Can India pull off its ambitious National Health Mission?

BMJ 2013; 346 doi: http://dx.doi.org/10.1136/bmj.f2134 (Published 05 April 2013) Cite this as: BMJ 2013;346:f2134
  1. Jeetha D’Silva, freelance journalist, Mumbai
  1. j.dsilva{at}gmail.com

India’s latest health mission, which it hopes will herald universal healthcare, builds on the success of its rural mission. But will it have the resources to do the job, asks Jeetha D’Silva

India’s creation of a National Health Mission seems to show that the government is finally recognising the importance of the health of its 1.2 billion citizens. The mission could substantially improve healthcare infrastructure and service delivery throughout the country, especially in urban areas, say public health doctors.

This new overarching programme will bring together the proposed National Urban Health Mission and the existing National Rural Health Mission. “The genesis of the National Health Mission goes back to the agenda of providing a potential platform for equitable, universal health coverage which is inclusive to every citizen of the country, regardless of economic status,” Priya Balasubramaniam, director of Universal Health Coverage for India Initiative at the Public Health Foundation of India, a public-private initiative based in New Delhi, told the BMJ.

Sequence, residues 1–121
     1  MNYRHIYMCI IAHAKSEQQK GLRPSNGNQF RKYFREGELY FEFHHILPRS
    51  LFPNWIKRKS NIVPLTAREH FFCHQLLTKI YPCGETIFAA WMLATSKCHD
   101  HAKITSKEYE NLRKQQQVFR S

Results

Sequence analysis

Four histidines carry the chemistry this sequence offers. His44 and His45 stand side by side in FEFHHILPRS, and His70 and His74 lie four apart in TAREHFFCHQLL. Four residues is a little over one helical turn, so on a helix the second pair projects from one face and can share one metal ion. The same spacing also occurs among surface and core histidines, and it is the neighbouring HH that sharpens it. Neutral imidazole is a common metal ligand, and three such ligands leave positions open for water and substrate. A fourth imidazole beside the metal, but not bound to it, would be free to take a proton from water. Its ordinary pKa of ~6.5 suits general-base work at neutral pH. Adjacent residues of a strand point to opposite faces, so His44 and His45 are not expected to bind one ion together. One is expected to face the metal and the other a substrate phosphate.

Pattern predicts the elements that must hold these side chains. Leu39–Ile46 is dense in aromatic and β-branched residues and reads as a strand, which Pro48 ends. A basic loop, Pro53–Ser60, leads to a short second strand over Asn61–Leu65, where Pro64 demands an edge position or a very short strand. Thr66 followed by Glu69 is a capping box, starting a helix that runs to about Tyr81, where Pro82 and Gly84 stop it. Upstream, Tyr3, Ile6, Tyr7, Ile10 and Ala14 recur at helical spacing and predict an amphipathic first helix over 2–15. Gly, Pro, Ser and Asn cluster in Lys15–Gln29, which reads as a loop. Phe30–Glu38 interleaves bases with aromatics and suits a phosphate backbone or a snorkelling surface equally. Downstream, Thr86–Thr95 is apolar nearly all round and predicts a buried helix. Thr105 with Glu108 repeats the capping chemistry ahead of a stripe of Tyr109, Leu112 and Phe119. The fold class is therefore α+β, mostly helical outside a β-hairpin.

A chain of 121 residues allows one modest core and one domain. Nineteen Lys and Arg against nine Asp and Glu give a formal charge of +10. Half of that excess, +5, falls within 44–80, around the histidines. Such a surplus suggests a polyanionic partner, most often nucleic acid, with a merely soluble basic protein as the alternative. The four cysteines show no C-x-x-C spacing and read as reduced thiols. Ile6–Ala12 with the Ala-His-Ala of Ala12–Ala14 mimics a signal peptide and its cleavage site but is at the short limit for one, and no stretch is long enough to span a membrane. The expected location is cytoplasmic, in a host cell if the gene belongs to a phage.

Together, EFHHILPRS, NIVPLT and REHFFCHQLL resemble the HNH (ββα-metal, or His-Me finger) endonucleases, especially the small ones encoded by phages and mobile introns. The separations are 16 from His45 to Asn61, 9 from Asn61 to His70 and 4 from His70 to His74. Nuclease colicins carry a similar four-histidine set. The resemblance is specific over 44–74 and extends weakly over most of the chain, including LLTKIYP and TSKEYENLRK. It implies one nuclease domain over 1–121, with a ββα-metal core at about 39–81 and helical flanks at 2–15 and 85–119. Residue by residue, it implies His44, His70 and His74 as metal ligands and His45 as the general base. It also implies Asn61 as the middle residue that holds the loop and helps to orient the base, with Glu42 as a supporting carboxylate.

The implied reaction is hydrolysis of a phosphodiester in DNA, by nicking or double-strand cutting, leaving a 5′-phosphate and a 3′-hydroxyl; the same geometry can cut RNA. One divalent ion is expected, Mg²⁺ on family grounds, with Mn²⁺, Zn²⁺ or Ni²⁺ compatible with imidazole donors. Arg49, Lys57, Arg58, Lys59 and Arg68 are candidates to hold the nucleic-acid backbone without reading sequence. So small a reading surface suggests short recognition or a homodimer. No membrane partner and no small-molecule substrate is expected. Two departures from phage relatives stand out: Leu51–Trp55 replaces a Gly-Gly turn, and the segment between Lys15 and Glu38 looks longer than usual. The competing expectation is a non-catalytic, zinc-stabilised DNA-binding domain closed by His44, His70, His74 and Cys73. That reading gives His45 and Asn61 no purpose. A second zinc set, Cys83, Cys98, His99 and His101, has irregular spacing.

India has an acute need for healthcare reform. Despite its growing economic clout and technological advances, the country lags behind much of the developing world on key health parameters. For instance, infant mortality is 48 per 1000 live births: Sri Lanka’s is 12, and Nepal’s is 41. Mortality in children under 5 years is 63 per 1000 in India: the global average is 57, in Sri Lanka it is 17, and in Nepal it is 50. India’s burden of communicable and non-communicable disease is …

View Full Text

Sign in

Log in through your institution

Free trial

Register for a free trial to thebmj.com to receive unlimited access to all content on thebmj.com for 14 days.
Sign up for a free trial